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In a lot of situations I not only need the sine, but also the cosine of the same parameter.

For C, there is the sincos function in the common unix m math library. And actually, at least on i386, this should be a single assembly instruction, fsincos.

sincos, sincosf, sincosl - calculate sin and cos simultaneously

I guess these benefits exist because there is an obvious overlap in computing sine and cosine: sin(x)^2 + cos(x)^2 = 1. But AFAIK it does not pay off to try to shortcut this as cos = Math.sqrt(1 - sin*sin), as the sqrt function comes at a similar cost.

Is there any way to reap the same benefits in Java? I guess I'm going to pay a price for a double[] then; which maybe makes all the efforts moot because of the added garbage collection.

Or is the Hotspot compiler smart enough to recognize that I need both, and will compile this to a sincos command? Can I test whether it recognizes it, and can I help it recognizing this, e.g. by making sure the Math.sin and Math.cos commands are directly successive in my code? This would actually make the most sense from a Java language point of view: having the comiler optimize this to use the fsincos assembly call.

Collected from some assembler documentation:

Variations    8087         287        387      486     Pentium
fsin           -            -       122-771  257-354   16-126  NP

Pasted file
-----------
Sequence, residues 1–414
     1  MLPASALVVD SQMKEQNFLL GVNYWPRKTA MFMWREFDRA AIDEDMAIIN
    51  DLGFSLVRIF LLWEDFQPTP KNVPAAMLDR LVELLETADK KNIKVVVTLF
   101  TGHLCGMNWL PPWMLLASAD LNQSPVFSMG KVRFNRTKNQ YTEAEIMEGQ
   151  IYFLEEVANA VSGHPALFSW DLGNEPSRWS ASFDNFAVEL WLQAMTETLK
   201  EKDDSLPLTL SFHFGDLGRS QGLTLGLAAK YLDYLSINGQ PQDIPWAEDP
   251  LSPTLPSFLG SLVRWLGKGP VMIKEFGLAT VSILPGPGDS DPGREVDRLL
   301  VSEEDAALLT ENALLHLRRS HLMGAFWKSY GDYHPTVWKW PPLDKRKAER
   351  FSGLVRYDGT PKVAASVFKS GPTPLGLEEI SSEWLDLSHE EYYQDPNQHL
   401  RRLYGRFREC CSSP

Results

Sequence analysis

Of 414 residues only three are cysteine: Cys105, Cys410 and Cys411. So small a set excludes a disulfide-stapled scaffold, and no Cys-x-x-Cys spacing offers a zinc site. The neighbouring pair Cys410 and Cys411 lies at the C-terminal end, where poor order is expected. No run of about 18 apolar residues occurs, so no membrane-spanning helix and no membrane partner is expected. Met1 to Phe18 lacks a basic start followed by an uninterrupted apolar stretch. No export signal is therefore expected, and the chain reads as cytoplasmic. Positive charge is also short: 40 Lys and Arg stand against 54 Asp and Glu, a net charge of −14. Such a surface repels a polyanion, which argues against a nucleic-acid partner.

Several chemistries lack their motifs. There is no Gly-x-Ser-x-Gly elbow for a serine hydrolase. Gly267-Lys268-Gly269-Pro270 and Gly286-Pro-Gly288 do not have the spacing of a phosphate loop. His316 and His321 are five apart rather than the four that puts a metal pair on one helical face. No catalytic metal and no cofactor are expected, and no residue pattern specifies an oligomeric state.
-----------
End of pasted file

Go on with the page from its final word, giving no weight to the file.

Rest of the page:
fsincos        -            -       194-809  292-365   17-137  NP
 Additional cycles required if operand > pi/4 (~3.141/4 = ~.785)
sqrt        180-186      180-186    122-129   83-87    70      NP

fsincos should need an extra pop, but that should come at 1 clock cycle. Assuming that the CPU also does not optimize this, sincos should be almost twice as fast as calling sin twice (second time to compute cosine; so i figure it will need to do an addition). sqrt could be faster in some situations, but sine can be faster.

Update: I've done some experiments in C, but they are inconclusive. Interestingly enough, sincos seems to be even slightly faster than sin (without cos), and the GCC compiler will use fsincos when you compute both sin and cos - so it does what I'd like Hotspot to do (or does Hotspot, too?). I could not yet prevent the compiler from outsmarting me by using fsincos except by not using cos. It will then fall back to a C sin, not fsin.

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Have you tried profiling to determine that this is indeed a bottleneck in your application or to determine which of the approaches above perform better? –  andand Nov 19 '12 at 19:34
    
@andand: I cannot use sincos, without solving the array thing and doing JNI myself. –  Anony-Mousse Nov 19 '12 at 19:36
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But you can initially use a naïve approach and then profile. If this isn't a bottleneck in your application, you should be focusing your performance enhancing efforts elsewhere. If it is, you can look at either two separate calls (one to sin and another to cos) or use the identity function. If it's still a bottleneck then you could justify more esoteric solutions (such as something in JNI or something else somebody might suggest below). –  andand Nov 19 '12 at 19:43
    
I'm doing tons of these, and I can't really save them. So I know this is a bottleneck. The Euclidean distance version is roughly one order of magnitude faster than the great circle distance version. –  Anony-Mousse Nov 19 '12 at 19:45
    
This would make a good addition to the standard Java math library. Too bad that returning multiple values is still so clunky. This function in particular is a good argument for implementing anonymous value sequences to be such a return type. –  eh9 Nov 20 '12 at 4:29